Effects of Tropomyosin Deficiency in Flight Muscle of Drosophila Melanogaster

  • Justin Molloy
  • Andrew Kreuz
  • Rehae Miller
  • Terese Tansey
  • David Maughan
Part of the Advances in Experimental Medicine and Biology book series (AEMB, volume 332)


We have studied the structure and function of muscle fibers in which tropomyosin stoichiometry has been reduced by genetic mutation. We used a Drosophila melanogaster flightless mutant Ifm(3)3 and a genetic cross of this mutant with wild type flies to achieve a gradation of tropomyosin gene dosage. We measured the flight ability and wingbeat frequency of the live insects and the ultrastructure and mechanochemistry of isolated single flight muscle fibers.

Flight ability is impaired when tropomyosin gene dosage is reduced. Wingbeat frequency also depends upon gene dosage as well as the severity of myofilament lattice disruption and the number of myofilaments in the organized core of the myofibrils. A reduction in number of myofilaments appears to result in a reduction in active muscle stiffness without resulting in an appreciable change in kinetics of force production.

Ifm(3)3 is trapped in a relaxed state and cannot generate active force. However, tight-binding rigor cross-bridges are able to form; in the absence of ATP, Ifm(3)3 muscle fibers have high stiffness and force.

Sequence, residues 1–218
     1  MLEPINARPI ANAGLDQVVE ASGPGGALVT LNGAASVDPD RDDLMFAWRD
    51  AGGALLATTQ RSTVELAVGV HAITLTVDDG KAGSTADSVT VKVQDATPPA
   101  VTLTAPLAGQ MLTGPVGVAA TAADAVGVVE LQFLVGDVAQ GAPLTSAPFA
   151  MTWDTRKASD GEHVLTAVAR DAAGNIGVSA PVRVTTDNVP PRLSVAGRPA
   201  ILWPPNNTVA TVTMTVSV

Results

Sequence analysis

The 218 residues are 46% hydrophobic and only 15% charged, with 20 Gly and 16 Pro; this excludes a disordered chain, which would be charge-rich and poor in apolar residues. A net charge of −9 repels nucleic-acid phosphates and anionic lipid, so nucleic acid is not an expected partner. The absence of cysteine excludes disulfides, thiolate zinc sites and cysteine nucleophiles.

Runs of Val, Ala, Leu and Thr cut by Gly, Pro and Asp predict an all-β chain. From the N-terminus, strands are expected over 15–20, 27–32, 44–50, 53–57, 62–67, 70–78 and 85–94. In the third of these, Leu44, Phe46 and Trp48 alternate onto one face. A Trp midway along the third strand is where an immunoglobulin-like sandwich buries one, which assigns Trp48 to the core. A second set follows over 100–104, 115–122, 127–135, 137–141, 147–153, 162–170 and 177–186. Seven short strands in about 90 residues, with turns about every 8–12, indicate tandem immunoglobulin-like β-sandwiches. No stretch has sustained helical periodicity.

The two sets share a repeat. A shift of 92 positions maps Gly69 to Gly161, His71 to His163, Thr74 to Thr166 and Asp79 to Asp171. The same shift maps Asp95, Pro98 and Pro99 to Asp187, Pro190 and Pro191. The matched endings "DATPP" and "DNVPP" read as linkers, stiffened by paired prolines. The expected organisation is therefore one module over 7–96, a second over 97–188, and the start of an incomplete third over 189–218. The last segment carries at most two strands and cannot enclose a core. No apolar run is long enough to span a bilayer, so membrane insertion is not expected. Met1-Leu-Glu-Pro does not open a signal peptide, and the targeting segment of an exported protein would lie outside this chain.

Sarcomere Length Flight Muscle Indirect Flight Muscle Flight Ability Wing Beat Frequency 
These keywords were added by machine and not by the authors. This process is experimental and the keywords may be updated as the learning algorithm improves.


Unable to display preview. Download preview PDF.

Unable to display preview. Download preview PDF.


  1. 1.
    Mogami, K. & Hotta, Y. Mol. Gen. Genet. 183, 409–417 (1981).PubMedCrossRefGoogle Scholar
  2. 2.
    Sparrow, J., Drummond, D. Peckham, M. Hennessey, E. & White, D. J. Cell Sci. 14 73–78 (1991.)Google Scholar
  3. 3.
    Karlik, C.C. & Fyrberg, E.A. Cell 41, 57–66 (1985).PubMedCrossRefGoogle Scholar
  4. 4.
    Unwin, D.M. & Ellington, C. P. J. Exp. Biol. 82, 377–378 (1979).Google Scholar
  5. 5.
    Tansey, T., Schultz, J., Miller R., & Storti, R. Mol. Cell Biol (1991), in press.Google Scholar
  6. 6.
    Basi, G.S. & Storti, R.V. J. Biol. Chem. 261, 819–827 (1986).Google Scholar
  7. 7.
    Karlik, C.C. & Fyrberg, E.A. Mol. Cell Biol. 6, 1965–1973 (1986).PubMedGoogle Scholar
  8. 8.
    Kawai, M. & Brandt, P.W. J. Muscle Res. Cell Motility 1, 279–303 (1980).CrossRefGoogle Scholar
  9. 9.
    Thorson, J. & White, D.C.S. J. Physiol. (Lond.) 343, 59–84, (1983).Google Scholar
  10. 10.
    Wray, J. Nature 280, 325–326 (1979).CrossRefGoogle Scholar
  11. 11.
    Pringle, J.W.S. Insect Flight. Cambridge, Cambridge Univ. Press. (1957).Google Scholar
  12. 12.
    Ellington, C.P. J. Exp. Biol. 115, 293–304 (1985).PubMedGoogle Scholar
  13. 13.
    Tansey, T., Mikus, M.D. Dumoulin, M. & Storti, R.V. EMBO J. 6 1375–1383.Google Scholar
  14. 14.
    Sheppard, D.E. Drosph. Inf. Serv. 51, 150 (1974).Google Scholar

Copyright information

© Springer Science+Business Media New York 1993

Authors and Affiliations

  • Justin Molloy
    • 1
  • Andrew Kreuz
    • 2
  • Rehae Miller
    • 3
  • Terese Tansey
    • 3
  • David Maughan
    • 4
  1. 1.Department of BiologyUniversity of YorkHeslingtonUK
  2. 2.Department of Molecular GeneticsOhio State UniversityColumbusUSA
  3. 3.Department of BiologyGeorgetown UniversityWashington DCUSA
  4. 4.Department of Physiology and BiophysicsUniversity of VermontBurlingtonUSA

Personalised recommendations